The bill calling to sentence terrorists to death, a flagship piece of legislation for the Yisrael Beytenu party and also enshrined in coalition agreements, was approved last week in a forum of coalition party leaders, paving the way for its expected vote at the Knesset plenum vote this week.
The bill may reach the Knesset as early as this Wednesday if enough time remains after the vote on the Recommendations Law.
While no coalition dissent is expected, the opposition has criticized the possible law, reminding its proponents that a military tribunal can already sentence to death anyone convicted of terrorism if the judges decide unanimously on the verdict, thereby rendering the law moot.
Yisrael Beytenu countered the claim, however, by saying the bill allowed tribunals to sentence terrorists to death with a simple majority vote, while also allowing civilian courts to do the same.
Two people who may be affected by the bill's passage are Khaled Abu Jaudah and his half-brother Zahi Abu Jaudah, two Bedouin from Kuseife who were indicted Sunday morning for the murder of IDF soldier Ron Kokia in Arad a month ago.
The Jaudah family disavowed the two suspects and was not present at their court date. One of Zahi's relatives said, "He wasn't in on it. He was forced to help his brother."
"It's hard for us. We're friends with Jews and were completely blindsided by their arrest. Khaled is an educated young man, it's really not clear what happened. Their father is in complete shock," said another relative.
Boaz, the father of the slain soldier, was present at the hearing and let loose on the defendants following the court's ruling with a verbal onslaught.
"If you were in my hands I'd slaughter you. We want to know who murdered our son. I'll look them in the eye and make sure they die," Boaz said.
"I call on the court to deal with the murderers and their families, which contributed to the act by their criminal conduct, harshly. It's important, both because we—as the victim's family—deserve justice and to deter other potential murderers. Beyond the death sentence I think the murderers deserve, or at least a prolonged prison term, punishment should also be financial, such as revocation of rights or reimbursing the state for the expenses and damages done to it because of the murder," the grieving father said.
Other families who have lost loved ones to terrorism joined Boaz Kokia's call. Hadas Mizrachi, the widow of Commander Baruch Mizrahi who was murdered in an attack that took place on Passover eve in Kiryat Arba three years ago, told Ynet, "Ron Kokia's father's cry must be heard at the offices of decision makers.
"The time has come for the death of innocents to be answered in kind. We call on the government's ministers to support the bill authorizing the execution of those who have murdered our loved ones. The State of Israel must create a real, significant deterrence against terrorism raging in the streets."
Michal Salomon, who lost three family members in a Halamish terror attack several months ago, said, "A despicable murderer who took a life must forfeit his. That is the only way of reducing the chance of them murdering again to zero. This punishment is only part of the deterrence package. Conditions in jails should also be changed for the worse for those killers."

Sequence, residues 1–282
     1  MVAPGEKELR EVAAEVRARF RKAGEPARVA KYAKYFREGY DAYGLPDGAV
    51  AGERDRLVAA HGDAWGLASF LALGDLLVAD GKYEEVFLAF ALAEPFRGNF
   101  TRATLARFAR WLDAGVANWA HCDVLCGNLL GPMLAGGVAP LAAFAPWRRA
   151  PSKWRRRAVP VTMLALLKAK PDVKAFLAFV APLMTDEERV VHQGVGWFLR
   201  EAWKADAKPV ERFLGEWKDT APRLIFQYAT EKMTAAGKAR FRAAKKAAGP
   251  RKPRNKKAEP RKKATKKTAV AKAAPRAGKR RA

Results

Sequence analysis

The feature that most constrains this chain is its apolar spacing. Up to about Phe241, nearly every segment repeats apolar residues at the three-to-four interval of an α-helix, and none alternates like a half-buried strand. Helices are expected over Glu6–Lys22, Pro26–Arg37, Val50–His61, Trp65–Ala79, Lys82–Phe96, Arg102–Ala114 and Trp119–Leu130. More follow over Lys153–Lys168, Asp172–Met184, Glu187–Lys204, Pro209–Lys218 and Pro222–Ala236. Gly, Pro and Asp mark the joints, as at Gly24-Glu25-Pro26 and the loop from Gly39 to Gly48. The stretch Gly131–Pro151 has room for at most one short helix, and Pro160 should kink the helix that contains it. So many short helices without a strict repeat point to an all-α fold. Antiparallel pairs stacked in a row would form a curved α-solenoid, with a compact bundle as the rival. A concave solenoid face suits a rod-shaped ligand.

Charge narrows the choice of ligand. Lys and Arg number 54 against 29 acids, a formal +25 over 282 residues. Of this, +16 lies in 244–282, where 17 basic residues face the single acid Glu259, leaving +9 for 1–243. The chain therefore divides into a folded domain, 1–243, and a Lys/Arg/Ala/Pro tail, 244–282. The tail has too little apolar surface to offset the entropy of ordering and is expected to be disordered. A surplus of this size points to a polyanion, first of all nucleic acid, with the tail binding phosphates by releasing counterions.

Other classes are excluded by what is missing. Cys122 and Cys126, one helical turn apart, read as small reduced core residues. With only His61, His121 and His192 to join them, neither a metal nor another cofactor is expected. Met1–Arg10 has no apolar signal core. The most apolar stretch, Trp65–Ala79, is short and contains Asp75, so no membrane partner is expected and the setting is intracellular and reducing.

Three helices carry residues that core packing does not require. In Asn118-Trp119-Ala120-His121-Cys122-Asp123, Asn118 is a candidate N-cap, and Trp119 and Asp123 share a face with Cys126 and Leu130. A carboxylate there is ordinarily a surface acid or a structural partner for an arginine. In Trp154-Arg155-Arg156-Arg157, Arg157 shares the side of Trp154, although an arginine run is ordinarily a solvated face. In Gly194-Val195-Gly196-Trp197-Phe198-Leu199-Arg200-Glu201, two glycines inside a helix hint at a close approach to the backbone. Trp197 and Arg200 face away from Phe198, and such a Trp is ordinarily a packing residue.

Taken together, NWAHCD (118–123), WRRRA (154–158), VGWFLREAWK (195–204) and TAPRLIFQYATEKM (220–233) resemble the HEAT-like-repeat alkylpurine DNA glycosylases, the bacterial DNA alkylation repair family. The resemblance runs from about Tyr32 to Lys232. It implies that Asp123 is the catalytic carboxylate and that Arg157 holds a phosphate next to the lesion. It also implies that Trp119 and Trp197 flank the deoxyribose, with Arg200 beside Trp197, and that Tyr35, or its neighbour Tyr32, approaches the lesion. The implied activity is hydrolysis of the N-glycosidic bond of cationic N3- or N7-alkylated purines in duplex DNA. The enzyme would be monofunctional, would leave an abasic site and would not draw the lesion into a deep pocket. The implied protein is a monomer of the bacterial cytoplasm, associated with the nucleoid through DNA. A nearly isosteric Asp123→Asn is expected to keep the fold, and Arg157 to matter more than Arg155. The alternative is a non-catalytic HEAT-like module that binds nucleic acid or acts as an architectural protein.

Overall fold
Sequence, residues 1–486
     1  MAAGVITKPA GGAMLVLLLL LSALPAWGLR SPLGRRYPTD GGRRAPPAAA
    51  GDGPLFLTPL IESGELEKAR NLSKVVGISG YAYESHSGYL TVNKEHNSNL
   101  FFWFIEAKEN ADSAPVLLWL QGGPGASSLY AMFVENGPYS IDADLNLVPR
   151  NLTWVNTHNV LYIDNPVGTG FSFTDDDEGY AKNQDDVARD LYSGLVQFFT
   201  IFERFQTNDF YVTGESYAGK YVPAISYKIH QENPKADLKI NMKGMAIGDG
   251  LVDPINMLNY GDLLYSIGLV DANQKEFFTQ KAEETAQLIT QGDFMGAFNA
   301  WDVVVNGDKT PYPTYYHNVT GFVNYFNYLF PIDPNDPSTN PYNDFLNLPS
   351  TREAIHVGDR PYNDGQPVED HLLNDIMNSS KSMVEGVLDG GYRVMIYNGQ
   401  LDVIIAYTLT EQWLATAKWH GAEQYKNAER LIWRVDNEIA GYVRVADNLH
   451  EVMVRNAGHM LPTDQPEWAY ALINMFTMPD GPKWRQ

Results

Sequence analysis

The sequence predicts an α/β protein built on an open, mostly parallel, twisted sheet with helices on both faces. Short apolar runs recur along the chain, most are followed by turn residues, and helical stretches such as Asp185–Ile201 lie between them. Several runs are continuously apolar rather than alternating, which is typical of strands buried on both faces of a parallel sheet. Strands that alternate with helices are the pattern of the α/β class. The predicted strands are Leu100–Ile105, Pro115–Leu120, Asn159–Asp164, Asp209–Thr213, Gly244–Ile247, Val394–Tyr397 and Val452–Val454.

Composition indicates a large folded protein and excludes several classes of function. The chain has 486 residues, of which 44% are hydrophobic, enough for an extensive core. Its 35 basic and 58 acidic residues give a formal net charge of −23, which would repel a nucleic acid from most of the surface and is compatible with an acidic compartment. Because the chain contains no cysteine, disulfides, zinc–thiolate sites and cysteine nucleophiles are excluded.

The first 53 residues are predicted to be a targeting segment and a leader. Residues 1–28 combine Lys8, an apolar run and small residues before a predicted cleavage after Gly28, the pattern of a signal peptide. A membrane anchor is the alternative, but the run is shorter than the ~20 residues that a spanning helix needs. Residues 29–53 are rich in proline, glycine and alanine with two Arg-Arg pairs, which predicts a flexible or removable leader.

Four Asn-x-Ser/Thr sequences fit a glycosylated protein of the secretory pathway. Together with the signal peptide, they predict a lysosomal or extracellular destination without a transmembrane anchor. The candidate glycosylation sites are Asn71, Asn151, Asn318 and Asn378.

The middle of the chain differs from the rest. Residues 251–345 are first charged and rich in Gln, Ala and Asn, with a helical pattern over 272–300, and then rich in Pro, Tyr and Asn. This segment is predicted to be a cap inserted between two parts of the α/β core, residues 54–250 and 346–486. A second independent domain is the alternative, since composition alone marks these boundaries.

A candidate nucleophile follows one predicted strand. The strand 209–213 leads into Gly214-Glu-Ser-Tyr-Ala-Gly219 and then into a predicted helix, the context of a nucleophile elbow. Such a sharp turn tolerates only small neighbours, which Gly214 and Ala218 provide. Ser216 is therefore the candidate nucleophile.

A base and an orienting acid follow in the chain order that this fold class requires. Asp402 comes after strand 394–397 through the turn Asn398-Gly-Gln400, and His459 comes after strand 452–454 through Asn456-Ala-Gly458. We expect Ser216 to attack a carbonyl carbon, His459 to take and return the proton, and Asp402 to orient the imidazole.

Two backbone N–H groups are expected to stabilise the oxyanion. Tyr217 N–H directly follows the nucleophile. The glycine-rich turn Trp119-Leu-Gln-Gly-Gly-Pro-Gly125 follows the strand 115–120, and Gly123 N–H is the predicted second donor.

'Put a stop to the murder industry'
The bereaved families' "Choose Life" forum was created two years ago and counts more than 100 families as members, mostly, though not exclusively, from the last wave of terror.
Among the families belonging to the forum are also non-Jewish bereaved families, such as the family of Yosef Othman, who was murdered in the Har Adar terrorist attack this past September.
The forum's goal is to help promote the aforementioned "deterrence package" against terrorists in an attempt to prevent further attacks. The families are supporting the death penalty bill while also seeking degradation in the conditions enjoyed by incarcerated terrorists.
Chairman of the right-wing Im Tirzu movement Matan Peleg, whose organizations accompanied the Choose Life Forum, said, "The State of Israel is under a permanent terror attack and only the wondrous abilities of security forces stopped hundreds of attacks from succeeding in the past year. The only way to stop the industry of terror is by creating a real deterrence package, with death penalty as its crowning jewel. When the package also includes deporting their families to Gaza, demolishing their homes and revoking their prison benefits, then the murder industry may be stopped."
Attorney General Avichai Mandelblit is opposed to the death penalty bill for terrorists, as he opposed a previous bill floated by Justice Minister Ayelet Shaked to sentence child murderers to death.
Mandelblit's stance mirrors those of all previous attorneys general, who have opposed the death penalty since Israel's inception despite its existence in both civil and military law.
The attorney general's original opinion, submitted to Prime Minister Benjamin Netanyahu and members of the Ministerial Committee for Legislation over a year ago following then-MK Lieberman's proposal, determined the death penalty was not a deterrent when it came to terrorists.
The judicial system maintains a clear and present trend among the countries in the developed world is to abolish the death penalty.
"More than two thirds of the world's countries have abolished capital punishment. In the European Union, for instance, it's completely banned," judiciary sources said.